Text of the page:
January 20, 2012


The Sound of Silence: There are fewer and fewer places to flee the cacophony of human activity, but much more is at stake than peace and quiet: The noise from gas drills, airplanes, and other industry is drowning out mating calls, disrupting migrations, and driving species to the brink. VIRGINIA MORELL reports on the world's last quiet places (VIRGINIA MORELL, JANUARY 2012, Conde Nast Traveler)

"Listen," said Bernie Krause. He rolled down his car window, and we sat silently for a moment. It was an hour before dawn, still dark and foggy in the Mayacamas Mountains, a northern California coastal range. But somewhere in the distance, a bird was calling--a high, bright, lively song that seemed at odds with the misty gloom. "A song sparrow," Krause whispered. "They're always the first to sing here." The sparrow's opening notes meant that this day's dawn chorus had begun. Wherever wild birds live, mornings start this way, with males ascending to their perches to sing and welcome the day. "The dawn chorus is one of the earth's best and oldest songs," Krause said, grabbing his recording equipment and tripod. "But most of us in the industrialized world have never heard it. And it's disappearing."

Despite years of camping, I'd never listened so intently to the birds' celebration of sunup, so I hurried along with Krause down a gravel trail, eager to hear more. Other bird species would soon be adding their voices to those of the sparrows, and Krause wanted to capture the full choral effort on his digital recorder. The 73-year-old Krause is a bioacoustician (he prefers the term soundscape ecologist), though in another life he was one of the first masters of the Moog synthesizer. He had worked with The Doors, Mick Jagger, and Van Morrison, but gave up the glamour of rock and roll in the 1970s to travel the world and record its vanishing biophony--a term he coined to describe the planet's natural, non-human sounds. Many of those journeys took him to exotic locales--Rwanda for gorillas, the Amazon for jaguars, Alaska's Glacier Bay for humpback and killer whales. Yet every month for 17 years he has come to this same spot in the Mayacamas, not far from his Sonoma County home, to record the birds at dawn. It is one of the best places left in California, he'd told me earlier, to hear the dawn chorus uninterrupted by cars, jets, leaf blowers, generators, or any of the multitude of motorized noises that make up our modern cacophony.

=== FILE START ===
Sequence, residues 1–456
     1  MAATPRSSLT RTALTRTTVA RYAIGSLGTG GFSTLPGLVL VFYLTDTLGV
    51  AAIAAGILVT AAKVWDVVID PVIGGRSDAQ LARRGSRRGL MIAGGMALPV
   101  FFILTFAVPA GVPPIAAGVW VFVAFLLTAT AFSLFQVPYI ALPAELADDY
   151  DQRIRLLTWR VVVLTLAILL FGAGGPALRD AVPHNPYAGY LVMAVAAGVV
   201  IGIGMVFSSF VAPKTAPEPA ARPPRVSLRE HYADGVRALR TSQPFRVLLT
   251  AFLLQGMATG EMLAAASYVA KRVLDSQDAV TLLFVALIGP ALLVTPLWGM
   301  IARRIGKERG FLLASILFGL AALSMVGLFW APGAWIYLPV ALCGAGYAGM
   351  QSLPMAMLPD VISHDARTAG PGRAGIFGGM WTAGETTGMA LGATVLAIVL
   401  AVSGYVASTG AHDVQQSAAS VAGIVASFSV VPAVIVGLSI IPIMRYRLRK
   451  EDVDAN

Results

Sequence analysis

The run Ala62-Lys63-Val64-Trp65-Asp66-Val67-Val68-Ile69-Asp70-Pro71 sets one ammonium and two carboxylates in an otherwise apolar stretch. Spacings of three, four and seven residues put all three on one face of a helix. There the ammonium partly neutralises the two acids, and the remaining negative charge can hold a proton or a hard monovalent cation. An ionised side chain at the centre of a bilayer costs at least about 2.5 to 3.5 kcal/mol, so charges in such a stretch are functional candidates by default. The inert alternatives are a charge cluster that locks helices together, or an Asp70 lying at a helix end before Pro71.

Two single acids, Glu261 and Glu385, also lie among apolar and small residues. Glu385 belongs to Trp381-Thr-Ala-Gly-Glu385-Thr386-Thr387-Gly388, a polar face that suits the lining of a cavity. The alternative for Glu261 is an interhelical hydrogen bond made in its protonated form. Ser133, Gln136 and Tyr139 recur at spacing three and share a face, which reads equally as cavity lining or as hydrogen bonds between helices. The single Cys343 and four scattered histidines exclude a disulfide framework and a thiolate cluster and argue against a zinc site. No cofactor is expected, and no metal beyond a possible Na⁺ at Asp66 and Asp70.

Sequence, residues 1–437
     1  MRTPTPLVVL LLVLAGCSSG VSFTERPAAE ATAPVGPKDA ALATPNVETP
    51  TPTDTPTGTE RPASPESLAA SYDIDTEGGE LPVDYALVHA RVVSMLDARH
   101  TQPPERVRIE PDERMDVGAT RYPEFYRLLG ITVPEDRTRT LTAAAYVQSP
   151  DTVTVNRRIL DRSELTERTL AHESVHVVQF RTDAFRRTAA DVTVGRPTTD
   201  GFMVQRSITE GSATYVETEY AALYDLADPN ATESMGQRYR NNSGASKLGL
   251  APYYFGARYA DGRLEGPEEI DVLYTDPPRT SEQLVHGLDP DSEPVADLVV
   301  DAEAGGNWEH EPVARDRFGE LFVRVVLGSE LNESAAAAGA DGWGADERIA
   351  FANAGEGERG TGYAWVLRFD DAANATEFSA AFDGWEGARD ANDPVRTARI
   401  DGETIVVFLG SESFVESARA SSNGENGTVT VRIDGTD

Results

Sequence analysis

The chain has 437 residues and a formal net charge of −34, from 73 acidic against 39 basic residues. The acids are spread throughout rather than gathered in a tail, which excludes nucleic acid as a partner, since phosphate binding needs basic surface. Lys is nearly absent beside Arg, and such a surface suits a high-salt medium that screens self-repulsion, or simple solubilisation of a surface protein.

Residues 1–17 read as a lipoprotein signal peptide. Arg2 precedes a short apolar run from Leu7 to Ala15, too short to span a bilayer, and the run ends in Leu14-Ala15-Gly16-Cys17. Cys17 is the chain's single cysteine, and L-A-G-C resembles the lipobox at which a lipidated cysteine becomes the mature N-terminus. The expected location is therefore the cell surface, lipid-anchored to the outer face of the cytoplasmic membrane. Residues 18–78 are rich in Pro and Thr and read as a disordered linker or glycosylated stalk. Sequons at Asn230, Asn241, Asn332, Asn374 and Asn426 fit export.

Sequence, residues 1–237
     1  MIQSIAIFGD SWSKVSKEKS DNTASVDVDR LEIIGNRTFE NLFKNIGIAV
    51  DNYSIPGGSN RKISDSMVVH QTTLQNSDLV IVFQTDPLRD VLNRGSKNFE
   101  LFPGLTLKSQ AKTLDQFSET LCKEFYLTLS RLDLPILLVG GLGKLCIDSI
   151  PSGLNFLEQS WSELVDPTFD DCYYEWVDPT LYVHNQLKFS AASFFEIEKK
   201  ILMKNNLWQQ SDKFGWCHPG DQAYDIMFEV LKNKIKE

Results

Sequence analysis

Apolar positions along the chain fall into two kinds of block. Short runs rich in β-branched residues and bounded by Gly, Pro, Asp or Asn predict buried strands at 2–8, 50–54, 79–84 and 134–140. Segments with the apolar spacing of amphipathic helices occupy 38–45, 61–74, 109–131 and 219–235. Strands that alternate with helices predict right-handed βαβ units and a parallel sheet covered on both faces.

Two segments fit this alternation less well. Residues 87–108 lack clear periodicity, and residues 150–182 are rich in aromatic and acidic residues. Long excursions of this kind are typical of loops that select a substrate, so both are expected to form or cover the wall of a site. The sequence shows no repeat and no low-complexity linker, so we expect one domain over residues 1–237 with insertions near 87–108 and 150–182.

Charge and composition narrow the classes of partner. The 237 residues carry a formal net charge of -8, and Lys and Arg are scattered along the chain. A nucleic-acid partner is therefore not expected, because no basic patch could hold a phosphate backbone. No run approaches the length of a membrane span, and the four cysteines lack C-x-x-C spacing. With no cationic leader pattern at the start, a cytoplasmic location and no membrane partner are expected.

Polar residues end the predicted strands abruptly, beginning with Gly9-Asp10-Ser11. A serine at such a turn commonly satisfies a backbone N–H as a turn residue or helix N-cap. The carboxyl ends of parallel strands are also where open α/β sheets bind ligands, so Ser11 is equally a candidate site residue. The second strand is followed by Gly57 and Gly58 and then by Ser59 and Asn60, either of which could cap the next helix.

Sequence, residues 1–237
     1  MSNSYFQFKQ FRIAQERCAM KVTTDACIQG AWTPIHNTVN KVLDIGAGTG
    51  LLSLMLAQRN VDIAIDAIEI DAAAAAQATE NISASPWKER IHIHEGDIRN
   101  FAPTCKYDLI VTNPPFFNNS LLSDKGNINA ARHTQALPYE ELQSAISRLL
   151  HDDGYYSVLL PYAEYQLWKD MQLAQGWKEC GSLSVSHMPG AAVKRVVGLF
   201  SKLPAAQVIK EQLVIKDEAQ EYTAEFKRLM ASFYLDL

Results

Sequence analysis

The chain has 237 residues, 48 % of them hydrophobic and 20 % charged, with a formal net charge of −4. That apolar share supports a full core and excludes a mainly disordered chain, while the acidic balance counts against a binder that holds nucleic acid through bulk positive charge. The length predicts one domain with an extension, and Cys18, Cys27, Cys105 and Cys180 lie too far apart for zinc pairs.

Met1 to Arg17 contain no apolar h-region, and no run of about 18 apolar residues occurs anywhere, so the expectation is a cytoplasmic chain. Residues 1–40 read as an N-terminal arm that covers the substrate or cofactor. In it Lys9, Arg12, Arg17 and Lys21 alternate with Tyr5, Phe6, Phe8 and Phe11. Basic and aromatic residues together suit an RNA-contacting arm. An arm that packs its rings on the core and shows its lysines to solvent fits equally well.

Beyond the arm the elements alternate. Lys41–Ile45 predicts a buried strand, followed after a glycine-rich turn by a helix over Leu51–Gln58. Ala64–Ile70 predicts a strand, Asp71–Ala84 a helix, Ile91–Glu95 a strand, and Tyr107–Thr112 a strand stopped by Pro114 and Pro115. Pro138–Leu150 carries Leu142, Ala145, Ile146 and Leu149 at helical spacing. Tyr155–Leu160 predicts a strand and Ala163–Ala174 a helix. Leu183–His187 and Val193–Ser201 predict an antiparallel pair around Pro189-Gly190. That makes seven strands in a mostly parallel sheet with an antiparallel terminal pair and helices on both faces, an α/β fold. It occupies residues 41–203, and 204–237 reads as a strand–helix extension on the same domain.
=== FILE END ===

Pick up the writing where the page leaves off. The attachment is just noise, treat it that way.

"Usually, it's an hour or so before we hear the first motorcycle or airplane," he said, stopping at his chosen spot to attach his microphone to the tripod. He set it among some low-growing bushes, pointed it toward the oaks and chaparral that bordered a stream, plugged the headphones into the recorder, and handed them to me. "This is what changed my life," he said. "Stand quietly, try not to move."

I put on the headphones and was suddenly engulfed in birdsong--so much so that for a moment I took them off to look around. Where were all these birds? The sun's first rays were just lighting the foggy gray around us, and I thought I should be able to see them. Certainly, I could hear them through the headphones. Krause smiled, understanding my bewilderment. "Just listen," he advised. I put them back on, and once again felt the slight disorientation of being pulled into an invisible world, one I had never known existed. Goldfinches added their quick, metallic notes to the more melodious calls of the sparrows; robins and grosbeaks whistled sweetly, juncos chirped, and towhees wheezed tow-wheee, tow-wheee. Every few minutes, another species joined the chorus, creating the morning's biological symphony. I was instantly addicted, and I wanted to know why. Even more, I wanted to know why these once ubiquitous choruses are in such decline. And not just birdsong but many of the natural noises that Krause and other bioacousticians say are highly imperiled, such as those of frogs and fish. That meant asking Krause some questions, so I reluctantly gave up the headphones. We left the microphone in place and the recorder running while we took a walk.

"What you're hearing through the headphones is the world the way our ancestors heard it, before mechanical sounds dominated everything," Krause explained. "The microphone pulls in the biophony, so it seems that you're in your own private music hall. You can get lost in this," he added with a smile. The sounds are also captivating because they follow a pattern similar to a musical score, he contends, and because they restore our sense of balance with nature. "We rarely listen--really listen," he said, recalling a night hunt he once joined with the Jivaro people in the Amazon Basin. They used the cries and trills of frogs and insects to find their way and to locate their prey, while Krause stumbled along anxiously after them in the dark. "They were at ease in the forest because they could interpret what they heard, but most of us have lost that ability."

That's partly because we now live in such a visually dominated world, where image is everything--think TV, film, the Internet. And even when we put in the earbuds of our iPods, we often do so to block out the contemporary clamor and retreat to our own private aural universe. "I'm not against people," Krause said. "I'm pro people. But we'd all be healthier if we had stronger connections to these natural soundscapes."

...is that if someone honks their car horn they're a tourist from outside the Valley. Quiet is valued here.
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Posted by at January 20, 2012 6:20 AM

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